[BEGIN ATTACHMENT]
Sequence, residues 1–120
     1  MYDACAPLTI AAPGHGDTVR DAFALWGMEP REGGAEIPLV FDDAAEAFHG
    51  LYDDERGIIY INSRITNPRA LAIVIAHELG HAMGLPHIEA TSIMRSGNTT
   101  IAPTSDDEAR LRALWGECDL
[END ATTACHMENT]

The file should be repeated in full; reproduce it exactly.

Sequence, residues 1–120
     1  MYDACAPLTI AAPGHGDTVR DAFALWGMEP REGGAEIPLV FDDAAEAFHG
    51  LYDDERGIIY INSRITNPRA LAIVIAHELG HAMGLPHIEA TSIMRSGNTT
   101  IAPTSDDEAR LRALWGECDL